Saturday, May 03, 2008

New York, Spring 2008 -- Day Fourteen, "The 39 Steps"

"The 39 Steps" is a stage adaptation of the Hitchcock film of the same name. At first glance, this doesn't seem like the best choice for adaptation. "Rear Window" would be a more logical choice, or "Strangers on a Train," or even "Psycho." Each of those have relatively few locations and limited characters. "The 39 Steps," on the other hand, has over a hundred characters and takes place in London, Scotland, in (and on) a train, farms, homes, a police station...

Fortunately, none of that really matters, as long as you're playing for laughs. Which is exactly what this stage adaptation (imported from London) does -- magnificently. After what seemed like one wounded family after another at the beginning of the trip, it was delightful to close the trip with this madcap (no word better suits this production) evening in which four actors play 100+ roles. In truth, three actors play 100+ roles, because Charles Edwards plays just the one part, Richard Hannay, the ordinary man caught up in extraordinary circumstances.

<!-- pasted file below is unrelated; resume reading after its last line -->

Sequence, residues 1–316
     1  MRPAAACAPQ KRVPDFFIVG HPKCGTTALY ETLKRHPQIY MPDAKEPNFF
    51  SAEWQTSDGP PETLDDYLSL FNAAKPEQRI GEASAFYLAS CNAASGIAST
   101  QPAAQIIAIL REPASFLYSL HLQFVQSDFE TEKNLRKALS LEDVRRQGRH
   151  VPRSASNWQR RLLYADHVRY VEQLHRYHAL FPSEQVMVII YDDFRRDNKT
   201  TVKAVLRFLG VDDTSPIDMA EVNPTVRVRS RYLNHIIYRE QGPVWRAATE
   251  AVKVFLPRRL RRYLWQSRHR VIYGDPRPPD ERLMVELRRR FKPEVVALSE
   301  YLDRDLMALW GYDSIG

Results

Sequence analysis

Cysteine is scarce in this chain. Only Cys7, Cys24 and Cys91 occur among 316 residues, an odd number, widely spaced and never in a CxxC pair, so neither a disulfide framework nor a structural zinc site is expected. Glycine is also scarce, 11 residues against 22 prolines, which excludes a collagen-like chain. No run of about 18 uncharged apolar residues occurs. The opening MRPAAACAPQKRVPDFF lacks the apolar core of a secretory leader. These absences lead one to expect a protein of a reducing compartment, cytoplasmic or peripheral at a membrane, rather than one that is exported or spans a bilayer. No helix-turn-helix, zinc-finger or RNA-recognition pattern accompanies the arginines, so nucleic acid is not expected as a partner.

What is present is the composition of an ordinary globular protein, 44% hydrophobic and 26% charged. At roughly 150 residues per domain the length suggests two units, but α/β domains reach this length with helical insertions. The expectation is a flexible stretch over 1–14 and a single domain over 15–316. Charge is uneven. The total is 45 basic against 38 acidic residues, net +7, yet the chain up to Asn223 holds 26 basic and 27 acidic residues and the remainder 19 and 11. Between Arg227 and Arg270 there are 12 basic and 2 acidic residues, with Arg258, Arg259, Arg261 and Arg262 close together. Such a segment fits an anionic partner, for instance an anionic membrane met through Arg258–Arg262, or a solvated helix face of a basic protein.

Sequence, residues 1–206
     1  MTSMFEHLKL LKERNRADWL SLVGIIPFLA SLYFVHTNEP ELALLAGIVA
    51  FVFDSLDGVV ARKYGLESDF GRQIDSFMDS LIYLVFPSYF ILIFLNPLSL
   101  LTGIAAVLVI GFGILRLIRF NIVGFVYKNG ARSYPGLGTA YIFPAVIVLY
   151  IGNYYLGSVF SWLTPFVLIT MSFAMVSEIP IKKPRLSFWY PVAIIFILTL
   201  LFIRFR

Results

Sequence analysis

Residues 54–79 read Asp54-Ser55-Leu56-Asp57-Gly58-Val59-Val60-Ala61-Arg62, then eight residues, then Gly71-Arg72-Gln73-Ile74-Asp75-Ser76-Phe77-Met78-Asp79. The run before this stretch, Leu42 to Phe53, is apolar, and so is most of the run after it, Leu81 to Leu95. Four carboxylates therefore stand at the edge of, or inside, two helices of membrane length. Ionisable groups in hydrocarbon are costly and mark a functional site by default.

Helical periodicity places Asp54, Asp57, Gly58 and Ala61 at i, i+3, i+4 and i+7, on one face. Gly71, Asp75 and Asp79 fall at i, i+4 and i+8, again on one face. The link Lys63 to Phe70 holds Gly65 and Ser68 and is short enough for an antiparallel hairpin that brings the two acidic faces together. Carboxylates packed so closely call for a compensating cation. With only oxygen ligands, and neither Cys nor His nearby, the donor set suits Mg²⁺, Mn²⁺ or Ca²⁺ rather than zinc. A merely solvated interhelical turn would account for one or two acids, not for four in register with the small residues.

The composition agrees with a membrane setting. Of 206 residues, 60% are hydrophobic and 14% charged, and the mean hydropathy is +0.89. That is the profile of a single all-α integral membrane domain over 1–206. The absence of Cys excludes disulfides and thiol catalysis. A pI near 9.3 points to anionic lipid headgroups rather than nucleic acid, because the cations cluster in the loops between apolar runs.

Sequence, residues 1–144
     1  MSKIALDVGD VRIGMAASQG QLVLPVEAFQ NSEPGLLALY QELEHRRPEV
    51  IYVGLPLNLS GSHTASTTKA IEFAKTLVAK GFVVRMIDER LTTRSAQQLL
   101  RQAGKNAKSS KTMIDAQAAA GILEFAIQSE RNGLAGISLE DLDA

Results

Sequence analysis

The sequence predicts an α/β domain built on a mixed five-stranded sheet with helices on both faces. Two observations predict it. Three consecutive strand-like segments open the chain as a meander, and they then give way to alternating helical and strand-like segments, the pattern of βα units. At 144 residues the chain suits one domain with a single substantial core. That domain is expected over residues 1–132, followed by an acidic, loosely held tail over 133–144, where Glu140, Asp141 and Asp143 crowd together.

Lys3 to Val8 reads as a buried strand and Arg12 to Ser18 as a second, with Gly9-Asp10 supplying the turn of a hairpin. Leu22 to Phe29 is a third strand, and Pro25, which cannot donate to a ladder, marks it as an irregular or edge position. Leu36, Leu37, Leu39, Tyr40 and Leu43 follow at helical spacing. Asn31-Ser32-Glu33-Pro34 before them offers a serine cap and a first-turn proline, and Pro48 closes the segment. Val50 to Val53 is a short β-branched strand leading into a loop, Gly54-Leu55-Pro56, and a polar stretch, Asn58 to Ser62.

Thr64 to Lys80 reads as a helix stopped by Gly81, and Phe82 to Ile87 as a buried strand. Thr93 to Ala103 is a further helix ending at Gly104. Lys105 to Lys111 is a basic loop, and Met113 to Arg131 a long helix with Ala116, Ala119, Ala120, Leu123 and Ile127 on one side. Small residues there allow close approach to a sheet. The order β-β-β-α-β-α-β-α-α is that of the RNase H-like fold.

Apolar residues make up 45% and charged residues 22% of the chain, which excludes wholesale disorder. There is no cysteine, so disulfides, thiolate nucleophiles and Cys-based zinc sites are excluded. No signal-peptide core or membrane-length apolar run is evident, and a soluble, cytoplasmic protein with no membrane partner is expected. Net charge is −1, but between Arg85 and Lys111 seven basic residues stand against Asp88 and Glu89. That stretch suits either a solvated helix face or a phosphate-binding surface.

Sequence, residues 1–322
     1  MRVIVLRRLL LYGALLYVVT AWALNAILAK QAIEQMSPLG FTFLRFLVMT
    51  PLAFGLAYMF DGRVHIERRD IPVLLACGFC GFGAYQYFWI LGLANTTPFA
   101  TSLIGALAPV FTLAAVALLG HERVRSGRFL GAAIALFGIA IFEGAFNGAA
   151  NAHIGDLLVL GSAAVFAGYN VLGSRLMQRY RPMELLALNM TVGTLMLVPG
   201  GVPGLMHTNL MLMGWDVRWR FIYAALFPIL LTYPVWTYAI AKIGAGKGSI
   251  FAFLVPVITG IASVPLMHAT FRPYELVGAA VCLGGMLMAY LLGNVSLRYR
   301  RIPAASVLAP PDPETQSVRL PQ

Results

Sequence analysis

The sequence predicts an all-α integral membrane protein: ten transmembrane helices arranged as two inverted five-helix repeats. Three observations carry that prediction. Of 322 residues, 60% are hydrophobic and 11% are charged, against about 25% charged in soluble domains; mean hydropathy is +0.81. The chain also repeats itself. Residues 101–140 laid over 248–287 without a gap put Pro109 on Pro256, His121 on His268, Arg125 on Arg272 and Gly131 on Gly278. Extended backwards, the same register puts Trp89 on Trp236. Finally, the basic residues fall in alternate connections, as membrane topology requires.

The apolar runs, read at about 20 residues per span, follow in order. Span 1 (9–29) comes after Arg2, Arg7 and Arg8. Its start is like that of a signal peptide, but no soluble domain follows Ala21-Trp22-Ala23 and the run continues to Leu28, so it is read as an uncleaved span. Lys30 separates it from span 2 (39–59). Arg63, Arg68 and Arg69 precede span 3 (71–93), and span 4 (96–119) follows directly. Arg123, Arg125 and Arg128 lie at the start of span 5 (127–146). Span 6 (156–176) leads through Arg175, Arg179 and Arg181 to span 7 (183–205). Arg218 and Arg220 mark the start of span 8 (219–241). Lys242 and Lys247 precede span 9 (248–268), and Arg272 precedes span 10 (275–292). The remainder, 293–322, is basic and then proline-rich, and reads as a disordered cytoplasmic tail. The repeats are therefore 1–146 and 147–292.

I'm trying to imagine someone not having a good time with this -- and having a hard go at it. It comes at you with such sincere, wacky brilliance, clowning with such imagination and intensity that I truly can't imagine anyone being able to resist it. It's two hours of physical comedy, pantomime (it's OK, it's the good kind) and absurdity that are focused on finding as many ways as possible to make you laugh.

Part of the fun of "The 39 Steps" is watching how one low-budget theatrical technique after another comes into play. It's a wonderful example of the power of theatrical imagination, as the producers find ways of telling a complex story using simple tools.

A bigger part of the fun is watching the amazing cast perform this incredibly physical comedy. The way they portray passengers chatting in a train compartment (all four of them rocking in loose unison) and a chase scene on top of the train (by flapping their coattails to simulate the rush of air past them) -- or a hundred other bits of business are little moments of genius. Not earth-shattering genius, nothing that will change the world, just new ways of making us laugh and think.

I suppose if I try hard enough, I could imagine some grump thinking the references to other Hitchcock movies are too obvious, and that the moment someone mimes being behind glass the jig is up, or that the whole enterprise is entirely too silly. But I don't like to imagine people like that.

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